What is the pathophysiology of migraine-associated vertigo?

Updated: Jan 18, 2019
  • Author: Aaron G Benson, MD; Chief Editor: Arlen D Meyers, MD, MBA  more...
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Answer

Answer

In 1992, Cutrer and Baloh developed the most commonly accepted theory regarding the pathophysiology of migraine-associated vertigo. [18] They proposed that episodes of dizziness of a duration similar to that of a migraine aura (< 60min) that are time-locked with the headache most likely have the same pathophysiologic mechanism (eg, spreading wave of depression) as other aura phenomena.

According to the spreading depression theory, some type of stimulus (eg, chemical, mechanical) results in a transient wave front that suppresses central neuronal activity. This depression spreads in all directions from its site of origin. Neuronal depression is accompanied by large ion fluxes, including increases in extracellular potassium (K+) and decreases in extracellular calcium (Ca++). These changes result in a reduction in cerebral blood flow in the areas of spreading depression. However, most patients with migraine-associated vertigo have dizziness independently of the headache.

Cutrer and Baloh suggested that when the dizziness is unrelated to the headache, the dizziness results from the release of neuropeptides (ie, neuropeptide substance P, neurokinin A, calcitonin gene–related peptide [CGRP]). [18] Neuropeptide release has an excitatory effect on the baseline firing rate of the sensory epithelium of the inner ear, as well as on the vestibular nuclei in the pons.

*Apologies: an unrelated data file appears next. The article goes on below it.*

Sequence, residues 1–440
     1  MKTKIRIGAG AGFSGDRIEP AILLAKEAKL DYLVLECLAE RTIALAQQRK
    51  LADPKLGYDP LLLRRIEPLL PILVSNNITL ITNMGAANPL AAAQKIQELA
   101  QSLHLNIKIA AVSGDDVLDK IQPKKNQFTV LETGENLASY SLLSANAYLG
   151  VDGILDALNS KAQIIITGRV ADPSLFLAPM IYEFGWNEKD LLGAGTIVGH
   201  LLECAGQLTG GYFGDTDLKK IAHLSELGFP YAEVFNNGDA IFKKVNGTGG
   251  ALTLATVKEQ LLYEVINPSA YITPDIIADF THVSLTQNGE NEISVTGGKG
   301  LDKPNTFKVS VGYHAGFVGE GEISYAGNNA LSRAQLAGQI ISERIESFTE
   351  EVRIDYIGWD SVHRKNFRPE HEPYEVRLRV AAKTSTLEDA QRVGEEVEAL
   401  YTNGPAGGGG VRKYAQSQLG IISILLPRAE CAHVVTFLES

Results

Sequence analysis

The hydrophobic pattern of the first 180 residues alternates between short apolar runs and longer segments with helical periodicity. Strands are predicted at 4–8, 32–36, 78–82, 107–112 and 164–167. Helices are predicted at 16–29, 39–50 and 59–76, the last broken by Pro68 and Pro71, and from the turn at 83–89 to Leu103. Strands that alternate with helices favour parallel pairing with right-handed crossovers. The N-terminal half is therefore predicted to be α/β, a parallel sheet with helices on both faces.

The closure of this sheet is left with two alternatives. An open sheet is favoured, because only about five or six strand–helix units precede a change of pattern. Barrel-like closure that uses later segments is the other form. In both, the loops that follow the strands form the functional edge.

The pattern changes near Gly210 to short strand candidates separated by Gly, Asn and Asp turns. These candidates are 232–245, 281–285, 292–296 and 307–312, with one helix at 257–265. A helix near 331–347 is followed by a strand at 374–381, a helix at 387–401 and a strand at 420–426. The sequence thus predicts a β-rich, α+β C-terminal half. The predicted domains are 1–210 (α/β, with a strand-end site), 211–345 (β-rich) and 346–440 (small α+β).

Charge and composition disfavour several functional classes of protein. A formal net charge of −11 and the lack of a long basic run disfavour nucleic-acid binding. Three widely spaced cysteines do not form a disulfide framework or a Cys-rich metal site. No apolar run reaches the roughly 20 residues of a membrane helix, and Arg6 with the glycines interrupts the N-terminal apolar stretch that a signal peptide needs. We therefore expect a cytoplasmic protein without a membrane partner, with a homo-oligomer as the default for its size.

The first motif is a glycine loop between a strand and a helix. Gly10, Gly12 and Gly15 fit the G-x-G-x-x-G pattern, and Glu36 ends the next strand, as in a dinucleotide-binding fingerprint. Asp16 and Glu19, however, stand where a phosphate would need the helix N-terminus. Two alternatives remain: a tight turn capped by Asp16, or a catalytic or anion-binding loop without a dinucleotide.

Asymmetrical neuropeptide release results in the sensation of vertigo. When neuropeptide release is symmetrical, the patient feels an increased sensitivity to motion due to an increased vestibular firing rate during head movements.

Cutrer and Baloh also proposed that CGRP and other neuropeptides may produce a prolonged, hormonelike effect as these peptides diffuse into the extracellular fluid. [18] This may explain the prolonged symptoms in some patients with migraine-associated vertigo, as well as the typical progression of persistent spontaneous vertigo, followed by benign positional vertigo and then motion sensitivity.


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